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Church must listen to what the faithful tell it – and act

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Pope Francis waves as he leads the Angelus prayer from his window at the Vatican. Photo: Vatican Media

Pope Francis waves as he leads the Angelus prayer from his window at the Vatican. Photo: Vatican Media

Pope Francis waves as he leads the Angelus prayer from his window at the Vatican. Photo: Vatican Media

Neither a ladder nor a telescope was required for the Catholic Church in Ireland to see its scale of decline. Archbishop of Tuam Dr Francis Duffy spelled it out dramatically earlier this month when he said: “All trends are dramatically downwards with no turning point in sight. I suggest you look at your priest, he may be the last in a long line of resident pastors and may not be replaced.”

So, it is no exaggeration to say the newly published National Synthesis Document represents a make-or-break moment. Its findings, based on consultation with thousands of Irish Catholics, represent a lifeline.

Some will view the demise as a tragedy, others will regard it as just deserts that an institution promising salvation has been brought down by its own weakness. But what this document is attempting to do is listen to the lay person.

It ought to surprise no one – other than an arcane doctrine-bound Vatican elite – that the role of women was a major concern for respondents.

A persistent complaint has been that the church is determined to protect the pulpit as a last bastion of the patriarchy, utterly impervious to change.

But if it is to find the new energy and vitality it so desperately needs, it must address the fact that, for many, the relegation of women is indefensible and unjust. Pope Francis has attempted to tilt the balance, but the moves have been tentative.

In 2020, the first woman was appointed to a managerial position in the Vatican’s most important office, the Secretariat of State. In the same year, the world’s bishops suggested Francis reconvene a commission he had created to study the ordination of women as permanent deacons. They would be able to perform some of the duties of priests but not celebrate mass or hear confessions.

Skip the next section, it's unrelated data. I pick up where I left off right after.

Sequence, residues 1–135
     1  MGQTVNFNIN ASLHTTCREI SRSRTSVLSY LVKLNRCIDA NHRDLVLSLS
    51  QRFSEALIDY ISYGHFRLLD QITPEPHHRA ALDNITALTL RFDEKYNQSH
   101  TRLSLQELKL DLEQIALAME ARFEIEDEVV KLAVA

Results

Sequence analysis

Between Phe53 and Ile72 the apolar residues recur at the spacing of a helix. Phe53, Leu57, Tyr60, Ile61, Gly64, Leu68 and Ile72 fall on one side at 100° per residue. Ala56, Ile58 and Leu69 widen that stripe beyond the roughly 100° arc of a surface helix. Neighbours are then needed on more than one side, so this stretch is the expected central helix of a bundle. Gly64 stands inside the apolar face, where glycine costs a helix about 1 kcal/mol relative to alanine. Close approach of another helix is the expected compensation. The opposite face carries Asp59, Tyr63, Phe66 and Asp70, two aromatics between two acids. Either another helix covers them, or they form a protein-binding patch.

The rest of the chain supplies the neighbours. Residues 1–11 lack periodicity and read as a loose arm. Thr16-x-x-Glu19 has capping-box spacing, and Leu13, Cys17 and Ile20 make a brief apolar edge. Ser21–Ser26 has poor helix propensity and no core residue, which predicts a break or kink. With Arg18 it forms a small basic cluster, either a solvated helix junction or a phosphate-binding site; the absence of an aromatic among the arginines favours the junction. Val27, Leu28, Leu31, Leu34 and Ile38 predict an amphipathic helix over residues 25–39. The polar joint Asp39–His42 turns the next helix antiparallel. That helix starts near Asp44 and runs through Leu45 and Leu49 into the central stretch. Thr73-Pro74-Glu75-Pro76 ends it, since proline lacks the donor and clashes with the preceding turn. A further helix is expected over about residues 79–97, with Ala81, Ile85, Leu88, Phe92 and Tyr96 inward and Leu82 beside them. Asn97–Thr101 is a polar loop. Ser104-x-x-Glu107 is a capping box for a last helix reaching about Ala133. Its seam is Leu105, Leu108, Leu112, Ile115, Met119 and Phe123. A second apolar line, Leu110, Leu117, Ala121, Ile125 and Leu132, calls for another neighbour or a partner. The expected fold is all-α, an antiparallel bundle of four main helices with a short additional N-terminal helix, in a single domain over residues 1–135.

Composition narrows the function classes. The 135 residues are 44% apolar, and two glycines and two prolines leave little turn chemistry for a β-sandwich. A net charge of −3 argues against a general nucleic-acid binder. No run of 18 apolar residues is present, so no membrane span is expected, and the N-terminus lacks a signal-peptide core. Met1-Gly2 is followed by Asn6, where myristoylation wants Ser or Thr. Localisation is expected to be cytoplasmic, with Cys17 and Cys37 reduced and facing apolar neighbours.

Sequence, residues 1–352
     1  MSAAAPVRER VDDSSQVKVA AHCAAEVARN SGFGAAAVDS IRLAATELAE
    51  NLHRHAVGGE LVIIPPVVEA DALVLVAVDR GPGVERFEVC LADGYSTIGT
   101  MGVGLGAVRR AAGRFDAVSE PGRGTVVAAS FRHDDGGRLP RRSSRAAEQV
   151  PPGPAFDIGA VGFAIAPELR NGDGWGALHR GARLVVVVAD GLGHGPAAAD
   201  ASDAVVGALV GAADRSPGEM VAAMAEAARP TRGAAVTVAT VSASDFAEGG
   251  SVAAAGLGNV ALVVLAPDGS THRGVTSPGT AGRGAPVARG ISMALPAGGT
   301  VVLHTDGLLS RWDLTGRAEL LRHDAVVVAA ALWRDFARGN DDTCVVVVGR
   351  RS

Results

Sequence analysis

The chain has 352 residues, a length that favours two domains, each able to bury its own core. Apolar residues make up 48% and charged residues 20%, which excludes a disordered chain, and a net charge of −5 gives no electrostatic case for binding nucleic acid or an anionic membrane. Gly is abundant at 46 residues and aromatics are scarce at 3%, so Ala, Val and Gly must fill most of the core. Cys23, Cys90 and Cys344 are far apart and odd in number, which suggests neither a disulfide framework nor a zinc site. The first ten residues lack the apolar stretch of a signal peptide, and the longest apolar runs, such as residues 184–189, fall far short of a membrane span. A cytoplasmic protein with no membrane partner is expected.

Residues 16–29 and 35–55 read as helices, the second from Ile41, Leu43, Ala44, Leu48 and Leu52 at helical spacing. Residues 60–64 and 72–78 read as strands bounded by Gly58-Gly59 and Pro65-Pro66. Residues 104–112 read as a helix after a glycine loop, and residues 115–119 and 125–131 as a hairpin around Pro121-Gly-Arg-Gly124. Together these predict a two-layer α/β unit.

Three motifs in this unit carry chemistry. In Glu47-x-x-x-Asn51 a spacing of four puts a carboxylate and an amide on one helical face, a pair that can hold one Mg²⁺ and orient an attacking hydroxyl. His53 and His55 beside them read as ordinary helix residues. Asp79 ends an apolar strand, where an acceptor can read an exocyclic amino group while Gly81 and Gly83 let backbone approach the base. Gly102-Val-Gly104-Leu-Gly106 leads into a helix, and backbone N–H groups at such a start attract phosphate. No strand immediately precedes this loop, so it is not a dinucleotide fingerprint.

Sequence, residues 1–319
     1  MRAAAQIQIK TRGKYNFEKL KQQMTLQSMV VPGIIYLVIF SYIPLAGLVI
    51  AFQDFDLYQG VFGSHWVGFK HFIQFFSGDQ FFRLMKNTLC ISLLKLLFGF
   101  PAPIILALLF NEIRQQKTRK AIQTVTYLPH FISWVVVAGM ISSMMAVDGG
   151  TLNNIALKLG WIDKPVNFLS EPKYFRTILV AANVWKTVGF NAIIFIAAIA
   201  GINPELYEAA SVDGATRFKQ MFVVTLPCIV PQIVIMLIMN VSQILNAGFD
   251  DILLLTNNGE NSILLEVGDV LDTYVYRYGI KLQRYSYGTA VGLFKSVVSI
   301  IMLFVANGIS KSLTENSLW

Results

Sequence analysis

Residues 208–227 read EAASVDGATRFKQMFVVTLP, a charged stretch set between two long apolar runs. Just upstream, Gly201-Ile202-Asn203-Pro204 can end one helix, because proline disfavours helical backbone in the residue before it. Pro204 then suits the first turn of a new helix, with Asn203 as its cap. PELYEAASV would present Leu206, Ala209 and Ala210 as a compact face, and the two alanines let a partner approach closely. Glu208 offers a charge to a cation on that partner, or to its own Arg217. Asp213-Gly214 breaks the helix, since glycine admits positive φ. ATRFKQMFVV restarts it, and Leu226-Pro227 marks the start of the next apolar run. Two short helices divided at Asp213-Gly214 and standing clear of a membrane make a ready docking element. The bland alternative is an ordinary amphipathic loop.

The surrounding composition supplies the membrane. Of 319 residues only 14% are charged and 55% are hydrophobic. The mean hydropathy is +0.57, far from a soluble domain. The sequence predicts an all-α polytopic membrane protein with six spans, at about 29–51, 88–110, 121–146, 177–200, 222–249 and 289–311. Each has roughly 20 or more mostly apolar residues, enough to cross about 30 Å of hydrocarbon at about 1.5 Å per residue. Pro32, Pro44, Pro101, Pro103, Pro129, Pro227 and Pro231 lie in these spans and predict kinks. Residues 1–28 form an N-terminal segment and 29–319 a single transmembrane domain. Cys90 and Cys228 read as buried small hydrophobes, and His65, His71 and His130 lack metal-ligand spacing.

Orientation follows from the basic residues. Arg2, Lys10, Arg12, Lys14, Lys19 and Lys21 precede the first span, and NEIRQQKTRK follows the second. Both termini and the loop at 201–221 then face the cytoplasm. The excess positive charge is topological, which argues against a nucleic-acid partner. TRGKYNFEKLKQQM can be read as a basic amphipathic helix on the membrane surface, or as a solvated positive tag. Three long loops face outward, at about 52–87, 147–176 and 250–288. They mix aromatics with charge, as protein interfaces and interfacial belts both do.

For many Catholics, the lack of real power given to women within the church affirms its status as an anachronism.

The treatment of the LGBTQ+ community was also high on the list, in terms of a failure to reach out or imagine a more inclusive future.

These welcome conversations were instigated by Francis in preparation for a synod in Rome in October next year.

Submissions also recorded how physical, sexual and emotional abuse and their concealment by the church in Ireland were described as an “open wound”.

The treatment of that wound is still a source of pain for too many.

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And the time for unquestioning obedience has long ended.

The collapse of the moral authority of the church can only be rebuilt from the ground up.

This consultation confirms feelings of estrangement and betrayal.

The fact that the Vatican has chosen to involve its congregation in how it might reform will be regarded as positive.

But trust will only begin to be restored when it shows it has listened and acts on the answers, whether it likes them or not.


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